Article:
version of Kunrei which, though hardly
remembered, remains with us in the name of
the upmarket grocery chain, "Meidiya"
which generations of foreign residents
have pronounced with a hard "d" instead of
as "Meijiya." Then there is the Japanese
precision measuring device maker,
"Mitutoyo" which also uses Nipponshiki,
but which when listed in the Tokyo Yellow
Pages ends up as "Mitsutoyo" because most
publications written for foreigners
require names to be printed in
Perhaps the biggest reason for romaji
chaos is that no one single system
satisfies all users. While Hepburn makes
it easy for non-natives acquainted with
the values English assigns to Latin
letters to learn how to approximate the
sounds of Japanese, it has been strongly
denounced by serious educators for
distorting the actual forms and sounds of
For example, in Kunrei-shiki the
various forms of the verb to wait, "matu"
(in Hepburn "matsu") can be listed as
follows: matu -- informal (dictionary
form) matanai -- informal negative
matimasu -- deferential, polite mate --
informal imperative (Wait!) matoo --
informal invitational (Let's wait)
Advocates of Kunreishiki romanization
argue that only in "Kunrei-shiki" is it
apparent that the root of the verb is
"mat." Students taught using the Hepburn
system must be told that the "tsu" of
"matsu" is dropped and replaced by a
"chi," "ta," "te" or "to." Such
explanations are both clumsy and
inaccurate in that they fail to show that
far from being an exception, "matu"
follows the same rule as other "u" verbs
such as "kaku" (to write) the root of
which is "kak," or "sasu" (to point) the
root of which is "sas." Incidentally, in
Hepburn the polite form of "sas" is
"sashimasu," and this too makes a mess of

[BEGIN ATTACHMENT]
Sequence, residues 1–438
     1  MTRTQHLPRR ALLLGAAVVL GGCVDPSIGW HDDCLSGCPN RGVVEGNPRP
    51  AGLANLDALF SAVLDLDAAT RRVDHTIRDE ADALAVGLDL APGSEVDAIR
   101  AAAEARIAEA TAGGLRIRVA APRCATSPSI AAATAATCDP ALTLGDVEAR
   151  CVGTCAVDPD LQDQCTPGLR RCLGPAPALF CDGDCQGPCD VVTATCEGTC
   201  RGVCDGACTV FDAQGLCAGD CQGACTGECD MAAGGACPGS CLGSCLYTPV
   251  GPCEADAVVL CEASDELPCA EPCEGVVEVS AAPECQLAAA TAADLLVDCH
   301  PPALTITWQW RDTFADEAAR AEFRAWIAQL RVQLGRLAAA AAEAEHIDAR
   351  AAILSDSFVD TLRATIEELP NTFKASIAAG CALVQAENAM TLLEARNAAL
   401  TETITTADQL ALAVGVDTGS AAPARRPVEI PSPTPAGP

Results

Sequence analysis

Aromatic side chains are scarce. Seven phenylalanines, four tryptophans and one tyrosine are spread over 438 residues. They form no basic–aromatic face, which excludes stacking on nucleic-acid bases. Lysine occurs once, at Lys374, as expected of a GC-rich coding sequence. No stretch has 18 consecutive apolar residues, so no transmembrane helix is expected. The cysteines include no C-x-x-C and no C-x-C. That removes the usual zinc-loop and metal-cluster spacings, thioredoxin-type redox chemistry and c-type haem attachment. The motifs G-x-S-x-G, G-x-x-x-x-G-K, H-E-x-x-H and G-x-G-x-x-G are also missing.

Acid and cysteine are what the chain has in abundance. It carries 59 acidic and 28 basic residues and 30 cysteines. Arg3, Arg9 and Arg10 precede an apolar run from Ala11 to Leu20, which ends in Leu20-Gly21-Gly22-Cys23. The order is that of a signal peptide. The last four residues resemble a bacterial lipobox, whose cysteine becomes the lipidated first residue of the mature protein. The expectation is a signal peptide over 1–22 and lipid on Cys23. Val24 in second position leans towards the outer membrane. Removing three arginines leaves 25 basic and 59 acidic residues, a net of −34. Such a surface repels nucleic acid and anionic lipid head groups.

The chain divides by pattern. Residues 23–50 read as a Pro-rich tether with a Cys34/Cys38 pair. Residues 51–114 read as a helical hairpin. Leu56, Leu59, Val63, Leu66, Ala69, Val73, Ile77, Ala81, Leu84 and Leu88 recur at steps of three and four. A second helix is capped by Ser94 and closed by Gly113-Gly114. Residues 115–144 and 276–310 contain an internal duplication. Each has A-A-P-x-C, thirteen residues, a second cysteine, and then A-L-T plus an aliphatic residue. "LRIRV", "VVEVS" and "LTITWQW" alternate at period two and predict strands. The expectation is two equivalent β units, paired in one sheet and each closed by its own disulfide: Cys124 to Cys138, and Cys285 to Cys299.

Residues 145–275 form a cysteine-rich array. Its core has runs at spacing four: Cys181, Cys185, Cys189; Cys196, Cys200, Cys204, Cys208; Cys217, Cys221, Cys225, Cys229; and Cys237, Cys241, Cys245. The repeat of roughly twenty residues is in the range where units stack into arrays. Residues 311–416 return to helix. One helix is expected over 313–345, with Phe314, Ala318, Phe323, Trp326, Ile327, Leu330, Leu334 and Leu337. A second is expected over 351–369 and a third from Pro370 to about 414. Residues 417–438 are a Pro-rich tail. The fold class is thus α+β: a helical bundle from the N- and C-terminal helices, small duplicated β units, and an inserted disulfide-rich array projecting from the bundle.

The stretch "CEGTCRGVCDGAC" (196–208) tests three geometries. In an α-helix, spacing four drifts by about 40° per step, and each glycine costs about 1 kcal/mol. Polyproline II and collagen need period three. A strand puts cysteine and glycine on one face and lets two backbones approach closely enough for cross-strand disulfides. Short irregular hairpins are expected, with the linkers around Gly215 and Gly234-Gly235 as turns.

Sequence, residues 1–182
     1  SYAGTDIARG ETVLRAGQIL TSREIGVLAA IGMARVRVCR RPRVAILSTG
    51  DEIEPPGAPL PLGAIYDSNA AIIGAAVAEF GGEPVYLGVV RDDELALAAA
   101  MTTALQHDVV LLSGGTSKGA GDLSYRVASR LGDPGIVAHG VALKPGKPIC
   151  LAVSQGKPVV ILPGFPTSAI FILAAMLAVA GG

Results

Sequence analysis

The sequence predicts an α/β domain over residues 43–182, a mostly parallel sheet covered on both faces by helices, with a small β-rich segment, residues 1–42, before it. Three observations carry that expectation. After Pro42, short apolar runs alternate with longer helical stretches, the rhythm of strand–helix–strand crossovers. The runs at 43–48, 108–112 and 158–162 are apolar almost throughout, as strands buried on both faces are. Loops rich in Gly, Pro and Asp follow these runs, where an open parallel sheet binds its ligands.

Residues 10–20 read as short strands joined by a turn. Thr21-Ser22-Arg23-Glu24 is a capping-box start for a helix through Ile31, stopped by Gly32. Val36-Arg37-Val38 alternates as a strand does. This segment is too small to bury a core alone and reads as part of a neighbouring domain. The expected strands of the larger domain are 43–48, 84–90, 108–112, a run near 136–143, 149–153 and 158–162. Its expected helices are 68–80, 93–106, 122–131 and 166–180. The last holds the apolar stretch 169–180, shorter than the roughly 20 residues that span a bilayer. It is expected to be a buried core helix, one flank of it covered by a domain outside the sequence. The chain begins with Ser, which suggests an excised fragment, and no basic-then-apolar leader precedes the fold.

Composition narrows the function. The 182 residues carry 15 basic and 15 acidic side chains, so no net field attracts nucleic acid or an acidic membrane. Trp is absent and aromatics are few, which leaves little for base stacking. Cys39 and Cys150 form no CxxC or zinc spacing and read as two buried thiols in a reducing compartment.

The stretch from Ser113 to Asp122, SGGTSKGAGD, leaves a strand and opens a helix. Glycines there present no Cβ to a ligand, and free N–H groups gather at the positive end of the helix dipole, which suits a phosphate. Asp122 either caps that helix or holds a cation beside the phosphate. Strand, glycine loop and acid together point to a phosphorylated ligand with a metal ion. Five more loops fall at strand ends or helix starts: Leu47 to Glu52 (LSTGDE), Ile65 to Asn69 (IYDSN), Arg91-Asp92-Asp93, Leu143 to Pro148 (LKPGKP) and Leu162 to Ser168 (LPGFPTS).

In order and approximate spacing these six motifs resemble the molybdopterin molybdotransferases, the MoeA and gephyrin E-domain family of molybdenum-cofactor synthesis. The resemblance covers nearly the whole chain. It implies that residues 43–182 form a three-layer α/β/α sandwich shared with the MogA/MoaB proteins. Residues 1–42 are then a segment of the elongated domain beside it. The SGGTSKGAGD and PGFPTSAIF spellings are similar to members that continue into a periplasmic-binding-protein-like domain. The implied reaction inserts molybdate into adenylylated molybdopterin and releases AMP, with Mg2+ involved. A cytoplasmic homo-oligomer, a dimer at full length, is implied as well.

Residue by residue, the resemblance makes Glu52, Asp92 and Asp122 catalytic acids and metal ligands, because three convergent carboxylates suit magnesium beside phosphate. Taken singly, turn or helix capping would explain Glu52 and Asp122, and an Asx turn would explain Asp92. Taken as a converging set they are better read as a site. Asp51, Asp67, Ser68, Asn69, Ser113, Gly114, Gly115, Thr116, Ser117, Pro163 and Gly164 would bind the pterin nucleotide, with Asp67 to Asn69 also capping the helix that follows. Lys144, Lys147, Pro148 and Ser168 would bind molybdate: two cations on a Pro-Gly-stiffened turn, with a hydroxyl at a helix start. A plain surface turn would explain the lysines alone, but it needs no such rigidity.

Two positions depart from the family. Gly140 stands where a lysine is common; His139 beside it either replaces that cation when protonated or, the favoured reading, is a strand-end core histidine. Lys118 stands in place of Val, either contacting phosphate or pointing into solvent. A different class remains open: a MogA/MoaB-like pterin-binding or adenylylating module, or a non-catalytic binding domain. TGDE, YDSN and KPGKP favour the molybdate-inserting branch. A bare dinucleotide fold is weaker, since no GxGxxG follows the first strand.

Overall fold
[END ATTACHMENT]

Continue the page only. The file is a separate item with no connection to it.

the simple rule that can be achieved in
When Kunrei was adopted in the late
1930's, the then powerful Japanese central
government did much to try to further its
use. Unfortunately, by forcing non-native
speakers of Japanese with no intentions of
learning the language to abide by a system
intended for those who have some command
of Japanese, the government gave the
impression of intolerant language
management which would have dire
consequences later on.
To give an idea of just how pervasive
Kunrei became in the short period of
strong central rule from 1937 to 1945,
even pamphlets for tourists, such as the
one I have on Japanese Proverbs published
in 1940 by the Japanese Government
Railways, provides foreigners with a list
of the new orthography next to the old
Hepburn equivalents in brackets. The list
is as follows: si (shi), ti (chi), tu
(tsu), hu (fu), zi (ji), sya (sha), syu
(shu), syo (sho), tya (cha), tyu (chu),
tyo (cho), zya (ja), zyu (ju), and zyo
The Government Railways politely
informs readers that Mt Fuji is now Mt
Huzi, Jujutsu is Zyuzyutu, and the
Chion-in Temple, Tion-in. It was the
Kunrei system's misfortune to be
introduced at a time of Japanese
militarism. After Japan's defeat, scholars
and educators attempted to introduce
romanization both as a teaching device and
as a possible simple substitute for
"kanji" (Chinese characters). but US
administrators during the Occupation were
wary of Kunrei's nationalistic in origin.
This was in spite of the fact that the
Japanese language textbooks of American
linguist, Eleanor Jorden, which were used
throughout the 1960's in courses taught to